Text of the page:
The Philips has a maximum amplification of 100 db with a very clear sound, that only has distortion at higher sound in our tests with music only (not with baby). It offers sound activation in ECO mode with a low activation of 78db and a high of 87db. The sound has no echo and is somewhat bright. The sound sensitivity on the highest level took a little longer to pick up our crying baby than we would have liked, but it did kick on with only a little delay.
The Philips earned a 5 of 10 for video images, which is average for the dedicated monitors with only 1 dedicated monitor scoring higher.
The Philips daytime images were a little on the dark side compared to real life, but the picture is clear and has good clarity even using the zoom feature. The night images weren't as good as the daytime images. They were fairly grainy and got worse when using the zoom feature. Even with additional lighting in the room the images were better, but not the best quality.
Ease of Use
The Philips earned an 8 of 10 for ease of use, which is the high for the metric for dedicated monitors and only 1 Wifi option scored higher. This camera and parent unit pair when you plug them in, which is good for technically challenged parents.
This monitor has the most used features with buttons on the front for easy access. The menu isn't the best for accessibility, but it doesn't really have to be because you can find most of what you need regularly outside the menu. Overall, it is a straightforward and easy monitor to use that could be used without the manual if necessary.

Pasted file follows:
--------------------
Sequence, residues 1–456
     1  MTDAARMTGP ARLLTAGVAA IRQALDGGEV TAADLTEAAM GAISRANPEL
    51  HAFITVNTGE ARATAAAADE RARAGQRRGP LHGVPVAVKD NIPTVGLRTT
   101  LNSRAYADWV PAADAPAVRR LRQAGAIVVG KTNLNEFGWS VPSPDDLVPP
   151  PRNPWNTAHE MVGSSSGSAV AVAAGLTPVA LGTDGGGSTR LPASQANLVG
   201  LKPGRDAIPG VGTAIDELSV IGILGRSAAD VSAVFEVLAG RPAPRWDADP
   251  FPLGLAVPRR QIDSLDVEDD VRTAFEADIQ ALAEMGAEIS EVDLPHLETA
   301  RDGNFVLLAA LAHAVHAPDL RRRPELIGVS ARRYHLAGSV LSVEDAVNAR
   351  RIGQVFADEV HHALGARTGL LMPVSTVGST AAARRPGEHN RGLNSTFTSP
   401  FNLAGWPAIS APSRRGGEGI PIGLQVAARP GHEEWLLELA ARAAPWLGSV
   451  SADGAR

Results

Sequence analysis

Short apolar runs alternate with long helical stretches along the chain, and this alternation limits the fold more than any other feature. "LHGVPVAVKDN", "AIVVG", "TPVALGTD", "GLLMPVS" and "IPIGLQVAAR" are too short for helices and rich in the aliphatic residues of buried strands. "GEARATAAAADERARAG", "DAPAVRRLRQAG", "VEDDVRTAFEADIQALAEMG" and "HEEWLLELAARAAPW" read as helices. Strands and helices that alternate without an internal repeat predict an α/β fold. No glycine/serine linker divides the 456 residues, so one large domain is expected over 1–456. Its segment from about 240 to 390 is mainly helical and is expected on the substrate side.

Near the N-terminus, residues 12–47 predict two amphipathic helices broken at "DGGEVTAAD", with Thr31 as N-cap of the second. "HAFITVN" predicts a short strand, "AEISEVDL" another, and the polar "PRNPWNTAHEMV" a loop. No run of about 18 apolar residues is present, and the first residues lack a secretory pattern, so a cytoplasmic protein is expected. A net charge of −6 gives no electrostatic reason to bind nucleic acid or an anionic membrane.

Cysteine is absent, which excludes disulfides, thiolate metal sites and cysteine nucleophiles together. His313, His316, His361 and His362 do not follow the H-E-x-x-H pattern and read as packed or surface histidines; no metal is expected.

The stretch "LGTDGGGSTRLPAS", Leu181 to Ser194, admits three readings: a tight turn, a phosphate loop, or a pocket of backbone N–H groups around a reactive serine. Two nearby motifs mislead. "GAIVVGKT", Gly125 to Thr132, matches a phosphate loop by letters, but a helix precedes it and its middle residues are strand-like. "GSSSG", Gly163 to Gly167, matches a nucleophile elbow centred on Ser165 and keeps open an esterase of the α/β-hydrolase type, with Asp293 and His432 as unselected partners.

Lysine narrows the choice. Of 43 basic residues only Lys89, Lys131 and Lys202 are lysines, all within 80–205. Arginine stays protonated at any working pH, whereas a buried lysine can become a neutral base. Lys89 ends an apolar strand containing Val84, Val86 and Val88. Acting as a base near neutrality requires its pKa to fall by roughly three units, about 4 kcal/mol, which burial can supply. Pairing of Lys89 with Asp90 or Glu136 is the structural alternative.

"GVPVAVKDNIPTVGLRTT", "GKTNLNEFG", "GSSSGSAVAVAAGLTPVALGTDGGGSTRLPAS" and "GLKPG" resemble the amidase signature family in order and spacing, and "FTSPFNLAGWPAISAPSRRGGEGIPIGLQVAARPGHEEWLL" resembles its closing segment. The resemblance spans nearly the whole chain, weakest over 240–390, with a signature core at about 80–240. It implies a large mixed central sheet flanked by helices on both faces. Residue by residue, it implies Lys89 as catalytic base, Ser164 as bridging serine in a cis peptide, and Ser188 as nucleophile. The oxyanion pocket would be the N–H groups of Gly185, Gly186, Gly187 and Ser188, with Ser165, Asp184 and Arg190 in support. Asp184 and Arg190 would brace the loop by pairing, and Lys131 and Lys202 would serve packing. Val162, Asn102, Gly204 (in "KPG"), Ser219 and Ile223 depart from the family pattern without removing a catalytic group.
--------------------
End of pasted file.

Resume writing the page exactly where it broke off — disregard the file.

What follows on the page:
The Philips earned a 5 of 10 for battery life, with a less than stellar performance in our tests.
The battery in this monitor lithium ion and had a run time of approximately 9.5 hrs in our tests. The longest battery life in our tests is 12.75 hrs for the Levana Lila, the second highest ranked dedicated monitor we reviewed. Philips claims a battery life of 10 hrs for this unit, which is close to what we got during testing.
The Philips earned a 4 of 10 for features, which is its lowest performance in any metric, but two competing monitors did score lower.
This monitor does not offer a lot of features, which is responsible for the lower score. The Philips parent unit has a 3.5 in screen and only works with one camera, it cannot be paired with multiple cameras. It does have a belt clip for hands free monitoring while using it away from the bedroom.
This monitor offers a few features parents are looking for. It has a temperature sensor, but it did not reflect an accurate temperature for the room. Our test room temperature was 73.7 and the monitor reported a temperature of 75. This may not be a big deal, but if you are trying to maintain a certain temperature you should be advised that the temperature sensor is inaccurate. Probably the most missed feature with this camera will be the lack of remote control over the camera. There is no pan or tilt control, so if you need to change the field of view, you will need to be in the same room to make adjustments.
This video monitor also offers the following features:
Electromagnetic Field (EMF) Levels
The Philips camera has an EMF reading of 1.91 with the reader 6ft from the camera. This is likely the minimum distance between baby and the camera with the EMF exposure decreasing as the camera gets further from baby. The EMF reading for the parent unit is about 4 when placed 3ft from the reader. Unfortunately, parents will likely be closer to the parent unit at night than baby is to the camera because parents keep the device on their night stands in close proximity so they can reach it in the middle of the night without getting up. Once again, the further the parent unit is from your person the less exposure you will have to EMF.
— Juliet Spurrier, MD & Wendy Schmitz